Scotland’s Dementia Awards #SDA17


On the 21st September we celebrated the sixth Scotland’s Dementia Awards. These awards celebrate and recognise projects and teams who demonstrate innovation, creativity and best practice in the support of people with dementia and those who care for them. The awards are a partnership between Alzheimer Scotland, NHS Education for Scotland, NHS Health Scotland and the Scottish Social Services Council. 

WINNER: Best Acute Care InitiativeImproving the journey for people with dementia in the acute hospital setting – a collaborative approach. NHS Forth Valley


This NHS Forth Valley project aimed to improve the acute hospital journey for people with dementia by reducing the number of late and/or multiple transfers a person experienced. It involved collaboration across various specialities, with all teams working towards a shared goal. Through this way of working the team have managed to significantly increase the number of people with dementia transferred before 8pm (from 52% to 92%) and reduce multiple moves from 33% to less than 2%. As a result, they have evidence of improved patient, carer and staff experiences with regards to this area of care.”

WINNER: Best Innovation in Continuing Care GAME. NHS Ayrshire & Arran with ‘Onside Ayrshire’ Community Resource


“In relation to hospital care for older people, person-centred care, quality of life, compassion, dignity, respect and maintaining independence are vital. In ward 3 at Woodland View, we recognised there was a variation in our approach to supporting person-centred care in assessing… and planning meaningful activity. Our improvement project focussed on working with families, carers and patients, with the aim of improving quality of life and meaningful outcomes for people with dementia using the Pool Activity Level (PAL). The project team developed a bundle approach to support effective implementation of the 5 key elements of the PAL instrument; personal history, assessment, identification of activity level, activity plan, and review of the plan.”

WINNER: Best Community Support InitiativeBoogie At The Bar. The Active Aberdeen Partnership, The Foundry, Aberdeen Health & Social Care Partnership, Alzheimer Scotland and M&S Bank.


“Boogie at the Bar is a dementia-friendly afternoon disco at The Foundry pub in Aberdeen. It started after a conversation between Anne Duncan, whose husband Bill was diagnosed with dementia in 2011 and Paula Bisset, Development Officer with Sport Aberdeen. Anne and Bill love to dance, but they didn’t want a tea dance – they wanted to go to a disco!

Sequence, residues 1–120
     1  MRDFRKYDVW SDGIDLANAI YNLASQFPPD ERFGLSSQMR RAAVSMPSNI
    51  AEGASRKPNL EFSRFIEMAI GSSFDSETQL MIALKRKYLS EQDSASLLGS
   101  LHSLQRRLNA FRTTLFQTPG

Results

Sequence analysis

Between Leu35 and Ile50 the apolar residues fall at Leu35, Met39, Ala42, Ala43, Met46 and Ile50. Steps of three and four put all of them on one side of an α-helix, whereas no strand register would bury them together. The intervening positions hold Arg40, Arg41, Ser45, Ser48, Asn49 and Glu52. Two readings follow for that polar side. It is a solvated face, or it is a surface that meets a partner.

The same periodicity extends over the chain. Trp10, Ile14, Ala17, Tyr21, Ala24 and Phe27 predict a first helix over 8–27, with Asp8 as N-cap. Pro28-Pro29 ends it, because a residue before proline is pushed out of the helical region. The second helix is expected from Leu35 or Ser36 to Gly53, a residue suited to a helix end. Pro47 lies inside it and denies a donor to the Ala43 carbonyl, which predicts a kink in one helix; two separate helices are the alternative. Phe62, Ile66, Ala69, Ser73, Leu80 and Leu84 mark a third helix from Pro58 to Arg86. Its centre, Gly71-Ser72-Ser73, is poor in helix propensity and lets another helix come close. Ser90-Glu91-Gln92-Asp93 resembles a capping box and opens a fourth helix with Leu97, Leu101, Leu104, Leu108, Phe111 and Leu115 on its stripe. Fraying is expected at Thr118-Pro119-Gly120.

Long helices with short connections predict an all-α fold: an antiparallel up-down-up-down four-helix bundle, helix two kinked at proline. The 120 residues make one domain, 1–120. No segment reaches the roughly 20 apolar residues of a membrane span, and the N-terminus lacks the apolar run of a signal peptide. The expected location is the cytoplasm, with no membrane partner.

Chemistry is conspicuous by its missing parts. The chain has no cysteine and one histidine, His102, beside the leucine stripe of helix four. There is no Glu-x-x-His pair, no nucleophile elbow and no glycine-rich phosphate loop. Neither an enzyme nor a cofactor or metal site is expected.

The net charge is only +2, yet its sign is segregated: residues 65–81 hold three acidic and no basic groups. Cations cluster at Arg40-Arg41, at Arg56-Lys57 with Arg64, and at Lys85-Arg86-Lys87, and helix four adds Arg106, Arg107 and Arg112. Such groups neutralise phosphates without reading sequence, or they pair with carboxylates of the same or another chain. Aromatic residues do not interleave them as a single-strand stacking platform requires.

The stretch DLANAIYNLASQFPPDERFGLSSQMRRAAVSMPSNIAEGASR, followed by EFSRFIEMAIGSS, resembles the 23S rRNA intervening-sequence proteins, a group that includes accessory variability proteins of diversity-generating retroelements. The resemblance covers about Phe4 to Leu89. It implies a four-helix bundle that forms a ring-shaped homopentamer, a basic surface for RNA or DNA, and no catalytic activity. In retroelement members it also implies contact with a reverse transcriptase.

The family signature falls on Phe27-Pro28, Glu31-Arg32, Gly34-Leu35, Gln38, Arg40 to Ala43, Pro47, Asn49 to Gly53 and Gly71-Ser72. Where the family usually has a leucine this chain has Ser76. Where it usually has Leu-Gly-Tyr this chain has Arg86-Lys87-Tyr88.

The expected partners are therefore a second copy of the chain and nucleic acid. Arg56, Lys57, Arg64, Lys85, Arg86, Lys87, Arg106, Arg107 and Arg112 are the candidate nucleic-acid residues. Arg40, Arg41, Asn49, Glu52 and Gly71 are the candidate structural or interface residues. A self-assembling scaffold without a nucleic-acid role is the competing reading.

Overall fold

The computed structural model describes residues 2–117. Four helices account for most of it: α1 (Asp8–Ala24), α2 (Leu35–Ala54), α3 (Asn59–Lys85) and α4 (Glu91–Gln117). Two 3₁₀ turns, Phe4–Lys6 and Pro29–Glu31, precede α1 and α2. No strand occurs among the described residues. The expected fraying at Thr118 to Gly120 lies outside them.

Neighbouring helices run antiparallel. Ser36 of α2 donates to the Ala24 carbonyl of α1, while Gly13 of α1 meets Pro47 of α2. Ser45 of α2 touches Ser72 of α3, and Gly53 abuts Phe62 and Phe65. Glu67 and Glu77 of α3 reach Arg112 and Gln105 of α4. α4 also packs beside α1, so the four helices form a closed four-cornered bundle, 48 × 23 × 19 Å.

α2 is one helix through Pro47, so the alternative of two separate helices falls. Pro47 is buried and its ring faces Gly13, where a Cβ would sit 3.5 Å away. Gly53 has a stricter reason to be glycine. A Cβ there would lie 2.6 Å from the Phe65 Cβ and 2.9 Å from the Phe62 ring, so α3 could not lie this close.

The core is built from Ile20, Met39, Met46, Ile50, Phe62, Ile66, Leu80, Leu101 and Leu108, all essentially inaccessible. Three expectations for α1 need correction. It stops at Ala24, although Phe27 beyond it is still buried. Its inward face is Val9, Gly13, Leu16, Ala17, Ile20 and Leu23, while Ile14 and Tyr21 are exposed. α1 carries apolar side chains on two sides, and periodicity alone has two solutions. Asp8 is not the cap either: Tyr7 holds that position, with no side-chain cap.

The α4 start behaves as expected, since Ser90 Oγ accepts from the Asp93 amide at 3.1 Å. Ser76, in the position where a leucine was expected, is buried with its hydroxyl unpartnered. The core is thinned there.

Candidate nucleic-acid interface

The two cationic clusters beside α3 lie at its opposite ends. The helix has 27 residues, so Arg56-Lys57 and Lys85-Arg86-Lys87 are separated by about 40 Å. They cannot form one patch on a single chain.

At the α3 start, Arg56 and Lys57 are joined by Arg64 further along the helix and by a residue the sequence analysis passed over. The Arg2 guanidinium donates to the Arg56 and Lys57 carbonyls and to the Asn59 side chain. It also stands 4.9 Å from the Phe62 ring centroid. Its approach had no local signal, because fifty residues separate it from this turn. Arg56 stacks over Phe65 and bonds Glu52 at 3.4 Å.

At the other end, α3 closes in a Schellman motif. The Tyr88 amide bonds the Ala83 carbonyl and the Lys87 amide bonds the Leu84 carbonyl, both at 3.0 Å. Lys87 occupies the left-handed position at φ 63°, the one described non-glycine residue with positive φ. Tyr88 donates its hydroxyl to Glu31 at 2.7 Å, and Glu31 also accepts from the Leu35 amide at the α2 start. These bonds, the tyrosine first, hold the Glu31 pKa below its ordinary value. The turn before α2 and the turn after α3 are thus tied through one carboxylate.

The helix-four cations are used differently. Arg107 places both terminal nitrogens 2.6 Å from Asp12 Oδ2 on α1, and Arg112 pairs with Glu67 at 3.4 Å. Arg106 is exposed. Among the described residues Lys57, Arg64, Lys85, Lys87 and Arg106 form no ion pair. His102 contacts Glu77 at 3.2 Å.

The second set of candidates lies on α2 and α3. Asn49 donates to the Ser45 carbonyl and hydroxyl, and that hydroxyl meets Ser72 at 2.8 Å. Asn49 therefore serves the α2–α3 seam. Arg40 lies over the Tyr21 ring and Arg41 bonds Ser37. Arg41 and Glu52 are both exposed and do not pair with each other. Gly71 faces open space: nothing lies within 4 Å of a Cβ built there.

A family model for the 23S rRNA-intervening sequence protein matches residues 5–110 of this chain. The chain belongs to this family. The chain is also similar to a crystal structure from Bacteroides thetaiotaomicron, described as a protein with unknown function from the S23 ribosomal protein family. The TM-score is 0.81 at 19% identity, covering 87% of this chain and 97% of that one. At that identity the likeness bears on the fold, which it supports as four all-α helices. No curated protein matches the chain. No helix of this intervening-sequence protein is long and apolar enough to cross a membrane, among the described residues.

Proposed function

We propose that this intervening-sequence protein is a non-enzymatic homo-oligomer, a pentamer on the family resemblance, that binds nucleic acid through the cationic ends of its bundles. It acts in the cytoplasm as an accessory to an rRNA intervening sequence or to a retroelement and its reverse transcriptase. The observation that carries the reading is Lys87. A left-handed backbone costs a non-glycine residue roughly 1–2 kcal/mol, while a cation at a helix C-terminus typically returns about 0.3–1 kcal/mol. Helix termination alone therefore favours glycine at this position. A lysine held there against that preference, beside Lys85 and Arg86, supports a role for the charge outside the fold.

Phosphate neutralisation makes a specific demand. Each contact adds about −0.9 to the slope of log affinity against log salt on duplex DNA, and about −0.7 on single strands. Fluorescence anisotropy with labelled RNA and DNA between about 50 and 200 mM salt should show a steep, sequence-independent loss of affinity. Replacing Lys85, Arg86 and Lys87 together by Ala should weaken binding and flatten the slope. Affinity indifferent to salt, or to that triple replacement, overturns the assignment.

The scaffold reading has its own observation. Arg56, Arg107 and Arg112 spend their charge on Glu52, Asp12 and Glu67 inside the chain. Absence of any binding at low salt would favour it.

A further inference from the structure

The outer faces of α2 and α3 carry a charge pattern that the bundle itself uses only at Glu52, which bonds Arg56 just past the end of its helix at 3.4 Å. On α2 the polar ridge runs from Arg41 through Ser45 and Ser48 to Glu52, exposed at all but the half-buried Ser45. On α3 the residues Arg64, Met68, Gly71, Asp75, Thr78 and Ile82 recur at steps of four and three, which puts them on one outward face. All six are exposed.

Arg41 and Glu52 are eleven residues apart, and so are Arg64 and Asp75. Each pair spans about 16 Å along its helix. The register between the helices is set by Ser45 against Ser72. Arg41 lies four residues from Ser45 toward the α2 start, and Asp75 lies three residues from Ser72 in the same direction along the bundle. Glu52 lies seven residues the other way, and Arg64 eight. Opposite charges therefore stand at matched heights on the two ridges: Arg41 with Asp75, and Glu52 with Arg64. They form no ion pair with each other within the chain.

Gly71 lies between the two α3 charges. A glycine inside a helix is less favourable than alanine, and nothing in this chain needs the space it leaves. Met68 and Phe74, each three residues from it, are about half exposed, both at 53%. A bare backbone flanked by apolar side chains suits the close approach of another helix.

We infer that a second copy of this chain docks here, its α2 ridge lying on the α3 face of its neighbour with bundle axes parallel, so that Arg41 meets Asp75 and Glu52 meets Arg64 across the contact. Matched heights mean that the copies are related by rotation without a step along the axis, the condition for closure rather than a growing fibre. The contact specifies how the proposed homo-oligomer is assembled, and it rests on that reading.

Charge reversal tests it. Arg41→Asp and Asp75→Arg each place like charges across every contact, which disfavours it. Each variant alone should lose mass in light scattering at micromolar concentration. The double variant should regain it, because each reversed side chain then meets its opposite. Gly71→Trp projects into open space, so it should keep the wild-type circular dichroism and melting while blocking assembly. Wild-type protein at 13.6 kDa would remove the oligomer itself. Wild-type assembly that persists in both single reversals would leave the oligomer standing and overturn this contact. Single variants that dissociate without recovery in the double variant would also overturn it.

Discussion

“Anne then met with Sport Aberdeen, The Wellbeing Team (Aberdeen City Health & Social Care Partnership), Aberdeen Football Club Community Trust and Alzheimer Scotland. AFCCT suggested The Foundry and Alzheimer Scotland involved the local Branch of Marks & Spencer Bank (who provide the food). Boogie at the Bar is a chance for people with dementia, carers and relations to come together, enjoy a drink and dance with old and new friends. The dance floor is never empty!”

WINNER: Best Dementia Friendly Community InitiativeRelaxed Checkout. Alzheimer Scotland and Tesco Forres


“The Relaxed Checkout began with Tesco Forres staff finding out more about dementia by becoming Dementia Friends. It was designed to be inclusive for anyone who might need more time. This initiative has captured the attention of the media and has resulted in global approval, with media coverage in the USA, Canada, Australia, New Zealand and beyond. The BBC Facebook post has been viewed over 11 million times. The idea has already been replicated in supermarkets in Lockerbie, Annan and Barnstaple, as well as supermarkets in America.”

WINNER: Most Innovative PartnershipDementia Awareness Within HMP Shotts. Alzheimer Scotland and HMP Shotts.


“Prisoners have a higher rate than the general population of several dementia risk factors, including head injury, smoking, drug and alcohol misuse, and low educational attainment. However, there has been very little research into dementia in prison; we do not know how many people are… living with dementia in prison and we know very little about the experience of living with dementia in prison from the perspective of the person, their visiting family and friends, or staff. Over the last 18 months, this project between HMP Shotts and Alzheimer Scotland engaged 202 prisoners and 55 staff in dementia awareness and information sessions and 40+ family/ friends within the visitors’ centre.”

LIfetime Achievement Award: Henry Rankin


Former Committee Member and former Chair of the Scottish Dementia Working Group. Longstanding dementia campaigner. Find out more about Henry – Living and Learning with Dementia.

The Sunday Post digital team came along to the event and filmed some great short videos with the winners. Meet the winners from Scotland’s Dementia Awards 2017  Watch them here.


Connecting people, connecting support – Executive summary